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dc.contributorIbrikci, Hayriyeen_US
dc.contributorRyan, Johnen_US
dc.contributorBuyuk, Gokhanen_US
dc.contributorGuzel, N.en_US
dc.contributorKarnez, Ebruen_US
dc.contributorOguz, H.en_US
dc.contributorYagbasanlar, T.en_US
dc.creatorKorkmaz, Kursaten_US
dc.date2008-04-28en_US
dc.date.accessioned2020-12-11T20:57:47Z
dc.date.available2020-12-11T20:57:47Z
dc.identifierhttps://mel.cgiar.org/dspace/limiteden_US
dc.identifier.citationKursat Korkmaz, Hayriye Ibrikci, John Ryan, Gokhan Buyuk, N. Guzel, Ebru Karnez, H. Oguz, T. Yagbasanlar. (28/4/2008). Optimizing nitrogen fertilizer-use recommendations for winter wheat in a Mediterranean-type environment using tissue nitrate testing. Communications in Soil Science and Plant Analysis, 39 (9-10), pp. 1352-1366.en_US
dc.identifier.urihttps://hdl.handle.net/20.500.11766/12202
dc.description.abstractAlthough nitrogen (N) fertilizer use is essential for economic yields of modern field crops, whether rainfed or irrigated, the underlying concern is to maximize nutrient-use efficiency and avoid excessive N use that results in deterioration of water quality from the environmental standpoint as well in the interest as human and animal health. Soil testing for N forms and total plant N analysis can contribute to the efficient use of N, but both strategies have limitations. Accordingly, tissue testing of the growing crop has been promoted as an alternative approach. Although such tests have been widely used in the West to monitor the N status of crops, they are rarely used in developing countries. A 2-year field trial examined the potential of tissue testing of rainfed wheat in a typical Mediterranean environment in the Cukurova region of southern Turkey, because observations from wells in the region had suggested increasing and excessive nitrate levels, most probably from fertilizer N use. The trial, in essence, compared different levels of N fertilizer application based on farmers' traditional application in addition to considering soil mineral N with tissue N based on a color index to refine N application recommendations. The measurements were taken in conjunction with observations on wheat yields. The study showed that using the combined approach of soil and tissue nitrate resulted in lowering the N fertilizer recommendations without any lowering of crop yields, clear evidence that farmers had been using excessive amounts of fertilizer N in the absence of limited or no official guidelines. Thus, such tests should be promoted to replace traditional fertilizer application practices as a simple and easily used tool to improve N-use efficiency for the farmer, in addition to reducing negative environmental impacts of such use. The quick tests can help promote the awareness of the potential negative effects of overuse of N fertilizer.en_US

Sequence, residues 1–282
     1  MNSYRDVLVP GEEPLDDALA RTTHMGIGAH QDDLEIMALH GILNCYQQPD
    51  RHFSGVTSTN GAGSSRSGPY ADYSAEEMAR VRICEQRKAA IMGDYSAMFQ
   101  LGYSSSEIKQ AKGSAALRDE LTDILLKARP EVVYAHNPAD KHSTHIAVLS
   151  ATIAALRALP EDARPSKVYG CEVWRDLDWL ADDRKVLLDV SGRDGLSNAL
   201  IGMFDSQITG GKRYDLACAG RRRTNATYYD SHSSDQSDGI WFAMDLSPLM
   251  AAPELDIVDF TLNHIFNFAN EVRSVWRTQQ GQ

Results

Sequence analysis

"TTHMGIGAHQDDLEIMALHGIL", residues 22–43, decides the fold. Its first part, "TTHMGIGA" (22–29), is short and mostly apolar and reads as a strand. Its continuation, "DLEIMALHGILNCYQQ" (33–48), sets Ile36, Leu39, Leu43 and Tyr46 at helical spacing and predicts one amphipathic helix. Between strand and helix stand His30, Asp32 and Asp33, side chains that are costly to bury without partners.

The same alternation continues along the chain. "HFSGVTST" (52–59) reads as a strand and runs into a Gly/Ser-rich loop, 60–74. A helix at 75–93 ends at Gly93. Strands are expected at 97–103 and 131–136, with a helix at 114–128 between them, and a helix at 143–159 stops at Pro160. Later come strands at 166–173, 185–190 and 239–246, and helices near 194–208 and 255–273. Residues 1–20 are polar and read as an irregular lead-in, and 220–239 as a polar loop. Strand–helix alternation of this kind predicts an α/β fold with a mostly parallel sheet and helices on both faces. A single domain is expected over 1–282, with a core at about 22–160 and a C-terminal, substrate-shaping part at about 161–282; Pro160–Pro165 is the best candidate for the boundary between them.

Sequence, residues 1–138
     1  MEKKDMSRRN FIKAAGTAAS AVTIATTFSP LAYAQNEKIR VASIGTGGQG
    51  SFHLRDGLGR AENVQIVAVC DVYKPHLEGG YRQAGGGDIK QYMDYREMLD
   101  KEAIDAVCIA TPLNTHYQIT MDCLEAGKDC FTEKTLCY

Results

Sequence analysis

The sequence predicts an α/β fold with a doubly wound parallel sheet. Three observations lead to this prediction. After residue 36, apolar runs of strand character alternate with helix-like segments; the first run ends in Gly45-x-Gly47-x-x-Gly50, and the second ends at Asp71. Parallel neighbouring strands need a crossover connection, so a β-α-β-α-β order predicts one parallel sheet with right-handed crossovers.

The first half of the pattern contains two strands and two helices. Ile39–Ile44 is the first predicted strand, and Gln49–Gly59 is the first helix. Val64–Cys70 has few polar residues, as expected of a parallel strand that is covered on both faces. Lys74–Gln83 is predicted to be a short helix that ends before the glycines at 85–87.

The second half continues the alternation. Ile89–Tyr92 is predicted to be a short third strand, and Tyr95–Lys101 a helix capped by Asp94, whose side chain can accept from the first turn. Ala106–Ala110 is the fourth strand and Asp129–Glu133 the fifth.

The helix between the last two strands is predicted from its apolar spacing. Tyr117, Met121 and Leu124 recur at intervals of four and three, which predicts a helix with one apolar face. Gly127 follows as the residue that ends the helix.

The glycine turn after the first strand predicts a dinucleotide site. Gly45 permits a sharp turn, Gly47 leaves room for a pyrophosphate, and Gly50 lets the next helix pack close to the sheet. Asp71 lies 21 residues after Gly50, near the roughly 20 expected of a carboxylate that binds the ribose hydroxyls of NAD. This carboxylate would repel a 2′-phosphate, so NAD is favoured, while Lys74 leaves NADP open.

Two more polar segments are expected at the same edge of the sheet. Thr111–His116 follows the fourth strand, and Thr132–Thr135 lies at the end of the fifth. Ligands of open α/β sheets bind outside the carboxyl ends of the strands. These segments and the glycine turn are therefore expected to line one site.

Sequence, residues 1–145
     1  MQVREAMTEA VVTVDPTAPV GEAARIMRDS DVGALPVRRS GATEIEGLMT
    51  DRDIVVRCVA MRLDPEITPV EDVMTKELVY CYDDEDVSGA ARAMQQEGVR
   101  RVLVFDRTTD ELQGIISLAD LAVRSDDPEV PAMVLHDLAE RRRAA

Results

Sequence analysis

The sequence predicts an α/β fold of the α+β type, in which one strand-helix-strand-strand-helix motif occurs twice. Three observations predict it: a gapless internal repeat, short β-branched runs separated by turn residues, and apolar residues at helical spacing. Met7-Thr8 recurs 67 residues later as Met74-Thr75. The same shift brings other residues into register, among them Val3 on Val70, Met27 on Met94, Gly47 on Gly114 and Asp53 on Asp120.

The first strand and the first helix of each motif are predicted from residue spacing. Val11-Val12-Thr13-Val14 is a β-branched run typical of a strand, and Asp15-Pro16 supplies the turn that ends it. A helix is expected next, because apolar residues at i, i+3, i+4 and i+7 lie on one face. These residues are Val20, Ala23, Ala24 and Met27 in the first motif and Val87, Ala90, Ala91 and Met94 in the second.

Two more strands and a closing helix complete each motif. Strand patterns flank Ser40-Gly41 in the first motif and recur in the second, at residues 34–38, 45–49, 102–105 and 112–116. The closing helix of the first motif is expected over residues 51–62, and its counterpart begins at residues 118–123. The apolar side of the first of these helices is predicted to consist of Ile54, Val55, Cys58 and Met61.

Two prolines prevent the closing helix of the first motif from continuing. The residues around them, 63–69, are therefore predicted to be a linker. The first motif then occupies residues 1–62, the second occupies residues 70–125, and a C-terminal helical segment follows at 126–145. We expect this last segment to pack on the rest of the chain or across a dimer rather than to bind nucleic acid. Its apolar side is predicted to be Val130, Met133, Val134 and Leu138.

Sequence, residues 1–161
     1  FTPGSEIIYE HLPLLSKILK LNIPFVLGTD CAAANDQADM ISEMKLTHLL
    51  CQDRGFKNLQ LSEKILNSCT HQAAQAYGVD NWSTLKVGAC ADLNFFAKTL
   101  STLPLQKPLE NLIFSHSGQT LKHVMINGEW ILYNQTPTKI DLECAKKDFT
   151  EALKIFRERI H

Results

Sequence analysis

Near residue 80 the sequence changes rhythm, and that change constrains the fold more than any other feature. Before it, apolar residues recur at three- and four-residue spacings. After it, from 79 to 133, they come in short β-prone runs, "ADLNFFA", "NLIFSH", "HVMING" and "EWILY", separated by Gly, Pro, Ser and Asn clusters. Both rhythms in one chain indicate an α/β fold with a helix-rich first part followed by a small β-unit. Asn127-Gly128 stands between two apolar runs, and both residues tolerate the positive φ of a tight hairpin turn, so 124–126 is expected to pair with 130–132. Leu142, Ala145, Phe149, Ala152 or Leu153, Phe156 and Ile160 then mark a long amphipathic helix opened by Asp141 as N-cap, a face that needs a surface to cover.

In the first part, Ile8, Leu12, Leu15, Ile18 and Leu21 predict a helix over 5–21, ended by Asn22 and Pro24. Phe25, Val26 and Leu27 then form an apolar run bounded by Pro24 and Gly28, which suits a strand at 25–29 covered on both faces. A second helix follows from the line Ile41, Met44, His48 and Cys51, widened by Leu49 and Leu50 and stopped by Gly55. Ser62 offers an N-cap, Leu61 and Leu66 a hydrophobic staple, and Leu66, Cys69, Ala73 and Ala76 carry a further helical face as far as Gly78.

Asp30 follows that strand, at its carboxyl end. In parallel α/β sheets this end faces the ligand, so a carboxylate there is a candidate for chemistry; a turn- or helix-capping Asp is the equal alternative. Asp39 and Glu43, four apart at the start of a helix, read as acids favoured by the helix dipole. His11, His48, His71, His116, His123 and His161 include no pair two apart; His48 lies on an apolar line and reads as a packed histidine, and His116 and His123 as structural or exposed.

dc.formatPDFen_US
dc.languageenen_US
dc.publisherTaylor & Francis (Routledge)en_US
dc.rightsCopyrighted; all rights reserveden_US
dc.sourceCommunications in Soil Science and Plant Analysis;39,(2008) Pagination 1352,1366en_US
dc.subjectmediterranean agricultureen_US
dc.subjectfertilizer recommendationsen_US
dc.subjectnitrate tissue testsen_US
dc.titleOptimizing nitrogen fertilizer-use recommendations for winter wheat in a Mediterranean-type environment using tissue nitrate testingen_US
dc.typeJournal Articleen_US
cg.subject.agrovocgroundwater pollutionen_US
cg.contributor.centerInternational Center for Agricultural Research in the Dry Areas - ICARDAen_US
cg.contributor.centerUniversity of Ordu, Faculty of Agriculture - ODU - FoAen_US
cg.contributor.centerCukurova University, Faculty of Agriculture - CU - FoAen_US
cg.contributor.centerAdiyaman University, Kahta Vocational Schoolen_US
cg.contributor.funderInternational Center for Agricultural Research in the Dry Areas - ICARDAen_US
cg.contributor.projectCommunication and Documentation Information Services (CODIS)en_US
cg.contributor.project-lead-instituteInternational Center for Agricultural Research in the Dry Areas - ICARDAen_US
cg.date.embargo-end-dateTimelessen_US
cg.coverage.regionGlobalen_US
cg.contacthibrikci@cu.edu.tren_US
cg.identifier.doihttps://dx.doi.org/10.1080/00103620802004052en_US
dc.identifier.statusTimeless limited accessen_US
mel.impact-factor0.767en_US


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